This article shows you how to provision your vagrant. We will start with a very simple dumb box and add features incrementally.
You need to have virtualbox and vagrant installed on your system before following this article.
Lets begin by creating the most basic vagrant box.
- create a directory somewhere e.g. mkdir ~/meanbox
- cd into the directory and run the command "vagrant init"
- You should now see a file called VagrantFile. Replace its contents with the following
- Run vagrant up
Vagrant.configure(2) do |config| # ubuntu 14.04 config.vm.box = "ubuntu/trusty64" # Provider-specific configuration so you can fine-tune various # backing providers for Vagrant. These expose provider-specific options. config.vm.provider "virtualbox" do |vb| vb.memory = "2048" end end
config.vm.box defines the box you want to install. Do you want to install Ubuntu 12.04, 14.04, CentOS, or other custom boxes. You can find the list of boxes at https://atlas.hashicorp.com/boxes. In this example, I chose ubuntu/trusty64 which is Ubuntu 14.04.
config.vm.provider specifies the virtual machine software and allocated memory. In this example, we are have specified that we are using virtualbox and that we have allocated 2Gb memory to this virtual machine.
Once the box is running, you can run "vagrant ssh" command to log into the shell of the system.
We can call a shell script or Puppet, Chef, Ansible, or Docker code for provisioning. In this example, we will specify a private network, create a directory shared between host and guest machines, and provision from a shell script.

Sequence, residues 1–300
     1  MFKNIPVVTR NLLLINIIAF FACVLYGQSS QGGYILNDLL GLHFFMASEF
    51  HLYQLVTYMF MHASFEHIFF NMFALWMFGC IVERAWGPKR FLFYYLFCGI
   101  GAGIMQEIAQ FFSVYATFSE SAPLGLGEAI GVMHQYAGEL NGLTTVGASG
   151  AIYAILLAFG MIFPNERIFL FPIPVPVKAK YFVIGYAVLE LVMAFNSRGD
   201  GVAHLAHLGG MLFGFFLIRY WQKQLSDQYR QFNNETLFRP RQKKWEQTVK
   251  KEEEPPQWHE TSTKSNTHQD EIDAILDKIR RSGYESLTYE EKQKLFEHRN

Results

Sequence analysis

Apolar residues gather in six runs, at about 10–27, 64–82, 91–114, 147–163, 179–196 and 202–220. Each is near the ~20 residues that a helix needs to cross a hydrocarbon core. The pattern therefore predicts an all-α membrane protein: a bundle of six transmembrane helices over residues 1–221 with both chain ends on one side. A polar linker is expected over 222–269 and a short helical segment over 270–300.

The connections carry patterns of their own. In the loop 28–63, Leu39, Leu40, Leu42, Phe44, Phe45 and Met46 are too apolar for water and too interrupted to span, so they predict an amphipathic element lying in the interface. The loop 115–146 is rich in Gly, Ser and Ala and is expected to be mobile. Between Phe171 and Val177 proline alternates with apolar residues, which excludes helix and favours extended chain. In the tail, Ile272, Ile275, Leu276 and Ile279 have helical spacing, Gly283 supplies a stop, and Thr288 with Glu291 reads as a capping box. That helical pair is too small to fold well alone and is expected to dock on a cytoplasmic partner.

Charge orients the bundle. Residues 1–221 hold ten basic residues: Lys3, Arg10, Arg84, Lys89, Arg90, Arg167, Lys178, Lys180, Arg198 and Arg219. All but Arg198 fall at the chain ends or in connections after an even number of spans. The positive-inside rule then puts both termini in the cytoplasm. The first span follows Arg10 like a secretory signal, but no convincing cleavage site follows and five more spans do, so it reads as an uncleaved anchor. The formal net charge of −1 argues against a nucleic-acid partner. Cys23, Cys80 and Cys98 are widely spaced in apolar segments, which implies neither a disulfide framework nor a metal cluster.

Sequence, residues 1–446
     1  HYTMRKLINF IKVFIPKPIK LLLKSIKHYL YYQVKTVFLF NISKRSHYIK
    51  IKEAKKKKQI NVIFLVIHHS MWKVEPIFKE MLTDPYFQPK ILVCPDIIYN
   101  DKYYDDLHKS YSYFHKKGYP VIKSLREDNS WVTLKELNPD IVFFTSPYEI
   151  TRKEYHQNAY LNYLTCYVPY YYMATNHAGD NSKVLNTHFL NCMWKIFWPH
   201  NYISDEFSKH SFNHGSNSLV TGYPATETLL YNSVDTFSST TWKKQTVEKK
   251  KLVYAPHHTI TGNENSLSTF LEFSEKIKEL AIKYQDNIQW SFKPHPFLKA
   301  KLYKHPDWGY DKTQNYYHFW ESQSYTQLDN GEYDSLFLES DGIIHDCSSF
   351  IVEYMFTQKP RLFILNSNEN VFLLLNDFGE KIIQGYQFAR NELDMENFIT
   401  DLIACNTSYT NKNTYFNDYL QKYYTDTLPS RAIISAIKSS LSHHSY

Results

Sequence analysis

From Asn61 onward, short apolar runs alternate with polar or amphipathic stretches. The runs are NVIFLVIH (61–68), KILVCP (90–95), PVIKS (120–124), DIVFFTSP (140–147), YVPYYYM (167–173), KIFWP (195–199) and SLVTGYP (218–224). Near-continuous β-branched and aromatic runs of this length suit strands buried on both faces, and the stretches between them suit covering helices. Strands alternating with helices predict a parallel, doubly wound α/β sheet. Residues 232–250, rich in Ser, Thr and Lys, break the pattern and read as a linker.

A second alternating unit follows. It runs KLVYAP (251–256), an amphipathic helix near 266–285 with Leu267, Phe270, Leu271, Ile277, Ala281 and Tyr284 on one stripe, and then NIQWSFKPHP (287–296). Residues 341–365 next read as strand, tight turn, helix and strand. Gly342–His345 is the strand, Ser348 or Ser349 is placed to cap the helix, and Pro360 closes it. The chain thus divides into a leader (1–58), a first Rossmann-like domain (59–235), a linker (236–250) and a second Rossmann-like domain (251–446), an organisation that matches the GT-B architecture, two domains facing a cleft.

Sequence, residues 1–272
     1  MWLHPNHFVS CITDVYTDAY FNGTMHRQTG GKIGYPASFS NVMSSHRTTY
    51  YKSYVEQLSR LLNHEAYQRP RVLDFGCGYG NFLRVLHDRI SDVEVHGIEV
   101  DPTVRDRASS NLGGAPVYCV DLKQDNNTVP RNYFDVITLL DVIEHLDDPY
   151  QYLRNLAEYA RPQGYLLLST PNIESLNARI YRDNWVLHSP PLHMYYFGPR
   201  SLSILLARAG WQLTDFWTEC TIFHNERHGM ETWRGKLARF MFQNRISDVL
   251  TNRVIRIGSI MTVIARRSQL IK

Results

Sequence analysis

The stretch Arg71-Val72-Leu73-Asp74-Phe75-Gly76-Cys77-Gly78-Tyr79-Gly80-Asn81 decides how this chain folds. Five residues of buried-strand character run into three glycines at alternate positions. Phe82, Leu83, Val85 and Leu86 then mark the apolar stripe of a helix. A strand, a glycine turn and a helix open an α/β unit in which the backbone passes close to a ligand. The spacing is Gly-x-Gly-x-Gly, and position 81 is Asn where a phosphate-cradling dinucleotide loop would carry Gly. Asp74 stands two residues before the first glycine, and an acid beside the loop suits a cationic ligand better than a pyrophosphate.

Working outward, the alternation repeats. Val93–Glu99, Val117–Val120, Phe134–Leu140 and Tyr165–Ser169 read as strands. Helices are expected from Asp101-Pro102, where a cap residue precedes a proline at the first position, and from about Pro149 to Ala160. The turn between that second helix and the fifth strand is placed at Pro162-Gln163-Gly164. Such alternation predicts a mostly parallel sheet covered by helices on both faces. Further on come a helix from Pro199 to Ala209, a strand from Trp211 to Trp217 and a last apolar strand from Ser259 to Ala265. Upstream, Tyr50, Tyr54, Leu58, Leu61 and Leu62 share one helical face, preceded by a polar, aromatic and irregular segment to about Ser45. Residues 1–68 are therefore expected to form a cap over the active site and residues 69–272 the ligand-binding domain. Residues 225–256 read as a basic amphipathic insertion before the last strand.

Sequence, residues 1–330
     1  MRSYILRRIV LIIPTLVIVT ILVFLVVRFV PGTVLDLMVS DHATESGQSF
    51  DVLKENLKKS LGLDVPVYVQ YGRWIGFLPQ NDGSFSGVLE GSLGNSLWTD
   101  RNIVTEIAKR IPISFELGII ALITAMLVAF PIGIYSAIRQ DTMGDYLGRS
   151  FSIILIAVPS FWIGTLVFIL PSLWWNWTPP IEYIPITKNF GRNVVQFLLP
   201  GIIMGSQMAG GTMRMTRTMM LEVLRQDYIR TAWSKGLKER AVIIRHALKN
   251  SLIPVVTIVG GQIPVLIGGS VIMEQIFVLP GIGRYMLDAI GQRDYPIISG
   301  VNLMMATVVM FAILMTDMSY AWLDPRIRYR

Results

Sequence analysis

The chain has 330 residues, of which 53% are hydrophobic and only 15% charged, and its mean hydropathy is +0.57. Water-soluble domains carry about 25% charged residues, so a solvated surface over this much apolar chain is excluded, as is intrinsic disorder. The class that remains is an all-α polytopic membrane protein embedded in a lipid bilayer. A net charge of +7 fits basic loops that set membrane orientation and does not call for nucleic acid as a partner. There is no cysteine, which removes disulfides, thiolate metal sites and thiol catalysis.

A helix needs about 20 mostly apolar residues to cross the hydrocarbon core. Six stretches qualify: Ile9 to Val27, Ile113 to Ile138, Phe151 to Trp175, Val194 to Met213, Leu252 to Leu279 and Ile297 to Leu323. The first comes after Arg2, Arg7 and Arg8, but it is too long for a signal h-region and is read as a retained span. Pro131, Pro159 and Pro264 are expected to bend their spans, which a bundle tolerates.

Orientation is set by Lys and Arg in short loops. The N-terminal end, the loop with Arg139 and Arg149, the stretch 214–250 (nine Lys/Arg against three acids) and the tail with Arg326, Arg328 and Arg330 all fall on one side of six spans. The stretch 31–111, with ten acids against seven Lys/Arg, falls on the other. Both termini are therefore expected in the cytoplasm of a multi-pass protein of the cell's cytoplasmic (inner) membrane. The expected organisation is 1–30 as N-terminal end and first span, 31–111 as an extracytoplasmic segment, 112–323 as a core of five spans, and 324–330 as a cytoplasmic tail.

Replace the contents of Vagrantfile with the following
Vagrant.configure(2) do |config| # ubuntu 14.04 config.vm.box = "ubuntu/trusty64" # check box for updates config.vm.box_check_update = true # shared folder between host and guest os config.vm.synced_folder "data", "/var/www", :mount_options => ["dmode=777", "fmode=666"] # forwarded port mapping config.vm.network "private_network", ip: "192.168.20.20" # host name config.vm.hostname = "meanbox1" # Provider-specific configuration so you can fine-tune various # backing providers for Vagrant. These expose provider-specific options. config.vm.provider "virtualbox" do |vb| vb.memory = "2048" end # Enable provisioning with a shell script. Additional provisioners such as # Puppet, Chef, Ansible, Salt, and Docker are also available. config.vm.provision "shell", path: "provision.sh" end
Create an empty directory called "data".
config.vm.synced_folder maps a directory between guest and host OS. The data directory can be access by your machine's operating system so you can use all your software. Without mapping, you will be limited to software you have installed on your virtual machine and you will not have any nice GUI software.
In this example, config.vm.network defines a private network with IP 192.168.20.20. Once you install Apache on your virtual machine, you will be able to access a site installed on it from the address in the browser.
config.vm.provision is specifying that we will be using a shell script for provisioning and the file is located at provision.sh
Create a file provision.sh and the following code to it. Set it to chmod 755.
#!/bin/bash echo "Provisioning VM...\n" sudo apt-get install git -y
This code will install git on the virtual machine. Run one of the following commands
vagrant up --provision or vagrant reload --provision
So far we have only looked a simple examples. To build a powerful and useful box, you would need to do a lot more installation and configuration in your shell script. I would strongly recommend that you start from the script found at https://gist.github.com/rrosiek/8190550. It installs Apache, MySQL, PHP, phpMyAdmin, and many other useful tools. It is will help you get started faster and the code is a good example for beginners.